Dear Old Trainer: Your column on chemicals in flea medications ("Beware mainstream flea medication," May 11) was well done and got me thinking. We use a commercial service to apply pesticide to our lawn. Will that affect our dogs Max and Katy?
-- Anne, Amarillo, Texas
A: Yes. And the effects are devastating.
Every study I found in my research indicates that dogs in homes where chemicals are applied to lawns are 70 percent to 170 percent more likely to develop cancer. And some breeds, such as the Scottish terrier, develop cancer at rates five times those numbers.
Lawn pesticides contain a number of toxic chemicals, including 2,4-D, a primary component in Agent Orange, the chemical used during the Vietnam War that caused cancer in many of our soldiers. It is so toxic to children its use is prohibited on school yards throughout the country.
It is even more toxic to dogs because they get it directly on their skin, paws, and can even ingest it when they eat grass. And once on the skin and fur of a dog, it can be transferred to adults and children through petting.
Pity the poor dog who has toxic chemicals applied in flea products, plus plays on a lawn treated with more toxic chemicals. Constant exposure to chemicals used by humans is the reason cancer rates are so high in dogs.
Dogs have 35 times the rate of skin cancer as humans, 15 times the rate of lymphoma, nine times the rate of bone cancer and twice the rate of leukemia.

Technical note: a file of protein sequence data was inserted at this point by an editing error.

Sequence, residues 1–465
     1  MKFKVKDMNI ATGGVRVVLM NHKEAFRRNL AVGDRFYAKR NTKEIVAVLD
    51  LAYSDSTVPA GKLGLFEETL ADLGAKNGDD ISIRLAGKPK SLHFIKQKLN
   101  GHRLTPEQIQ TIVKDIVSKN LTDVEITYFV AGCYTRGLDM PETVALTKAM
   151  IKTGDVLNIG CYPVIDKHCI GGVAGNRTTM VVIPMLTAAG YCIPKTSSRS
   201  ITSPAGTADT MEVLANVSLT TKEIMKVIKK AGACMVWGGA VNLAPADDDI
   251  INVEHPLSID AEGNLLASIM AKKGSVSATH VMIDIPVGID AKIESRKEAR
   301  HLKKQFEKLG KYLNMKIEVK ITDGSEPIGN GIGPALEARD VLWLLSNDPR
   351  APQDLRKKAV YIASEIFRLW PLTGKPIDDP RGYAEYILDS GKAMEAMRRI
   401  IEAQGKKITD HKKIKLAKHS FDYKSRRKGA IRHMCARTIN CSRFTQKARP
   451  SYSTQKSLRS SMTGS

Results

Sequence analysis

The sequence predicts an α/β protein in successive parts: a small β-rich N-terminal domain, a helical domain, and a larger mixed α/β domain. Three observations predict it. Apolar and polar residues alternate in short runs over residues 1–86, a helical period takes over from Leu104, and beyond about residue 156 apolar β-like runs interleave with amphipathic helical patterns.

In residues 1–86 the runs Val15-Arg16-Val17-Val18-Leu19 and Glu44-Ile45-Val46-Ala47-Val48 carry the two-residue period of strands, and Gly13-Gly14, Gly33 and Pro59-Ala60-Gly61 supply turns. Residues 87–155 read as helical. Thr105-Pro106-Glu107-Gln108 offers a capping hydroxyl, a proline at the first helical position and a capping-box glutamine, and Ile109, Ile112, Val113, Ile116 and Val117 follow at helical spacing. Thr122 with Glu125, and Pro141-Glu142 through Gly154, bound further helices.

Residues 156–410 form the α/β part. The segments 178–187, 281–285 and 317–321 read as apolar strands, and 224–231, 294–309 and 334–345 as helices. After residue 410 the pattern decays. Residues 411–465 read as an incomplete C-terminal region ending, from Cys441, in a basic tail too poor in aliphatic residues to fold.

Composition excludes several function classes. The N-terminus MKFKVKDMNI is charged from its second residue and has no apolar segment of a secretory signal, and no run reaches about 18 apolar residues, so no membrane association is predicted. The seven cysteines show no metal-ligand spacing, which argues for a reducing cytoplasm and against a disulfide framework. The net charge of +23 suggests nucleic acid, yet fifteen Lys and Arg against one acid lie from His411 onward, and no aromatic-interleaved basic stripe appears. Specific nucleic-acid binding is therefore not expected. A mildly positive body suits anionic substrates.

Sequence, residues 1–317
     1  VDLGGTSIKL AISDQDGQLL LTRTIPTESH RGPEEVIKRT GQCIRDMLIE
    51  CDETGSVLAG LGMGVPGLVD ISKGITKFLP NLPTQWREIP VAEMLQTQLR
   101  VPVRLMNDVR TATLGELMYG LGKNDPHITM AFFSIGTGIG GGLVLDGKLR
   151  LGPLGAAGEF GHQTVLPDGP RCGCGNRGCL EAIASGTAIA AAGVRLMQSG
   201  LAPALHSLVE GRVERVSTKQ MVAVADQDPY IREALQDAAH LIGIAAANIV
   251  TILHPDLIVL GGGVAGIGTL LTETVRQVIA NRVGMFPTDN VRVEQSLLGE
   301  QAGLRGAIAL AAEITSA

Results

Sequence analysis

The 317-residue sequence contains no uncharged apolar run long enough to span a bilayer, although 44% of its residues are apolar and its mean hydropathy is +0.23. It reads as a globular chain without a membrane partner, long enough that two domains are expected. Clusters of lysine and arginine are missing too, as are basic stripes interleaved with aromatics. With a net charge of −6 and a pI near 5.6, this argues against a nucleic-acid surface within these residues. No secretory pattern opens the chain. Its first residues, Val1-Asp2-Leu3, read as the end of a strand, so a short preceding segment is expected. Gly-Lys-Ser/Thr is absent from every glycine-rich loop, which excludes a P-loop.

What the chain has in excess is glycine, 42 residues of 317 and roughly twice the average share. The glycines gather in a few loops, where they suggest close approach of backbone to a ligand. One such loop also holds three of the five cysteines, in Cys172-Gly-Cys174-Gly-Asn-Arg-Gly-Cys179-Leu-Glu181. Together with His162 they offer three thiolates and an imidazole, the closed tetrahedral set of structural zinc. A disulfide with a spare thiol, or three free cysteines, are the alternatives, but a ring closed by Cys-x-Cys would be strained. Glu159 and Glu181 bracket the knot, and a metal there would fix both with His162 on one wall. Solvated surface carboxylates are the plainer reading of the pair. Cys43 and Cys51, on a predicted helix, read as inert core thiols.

Half of all dogs over 10 years of age die of cancer. One third of all dogs die of cancer. More dogs die of cancer than any other disease. And the rates are even worse for cats because they lick their skin and fur.
The best thing any owner can do for their pets is find an organic alternative to these chemicals. Read the label on any product you use. If it's toxic to humans it's even more toxic to pets.
Dear Old Trainer: You never mention cats in your columns. Do you have any? Do you even like cats?
-- Elise, Auburn
A: Yes and yes. I have Bob, a cat who thinks he is a dog, and I love him the same as I do the rest of the pack. He strolled up to us one day on our walk, meowing at the top of his lungs. We stopped to see if he was OK and he started loving on the dogs like they were old pack buddies.
He must have been raised with dogs because he hangs out with them all day, won't come in the house unless they do and won't eat unless I feed him next to them. He even likes dog food. He loves my pack, but wants to fight any strange dog that comes along. He curls up in the dog house next to Rocky, my biggest dog, on cold nights.
He was sleek and fat when he joined us, so he wasn't a stray. I asked around and posted pictures of him, but where he came from is still a mystery.
Just more proof that dogs and cats are not natural enemies.
Jack Haskins writes as The Old Trainer. A trainer for more than 30 years, he has rescued, trained, and placed more than 2,000 dogs. Send questions to firstname.lastname@example.org.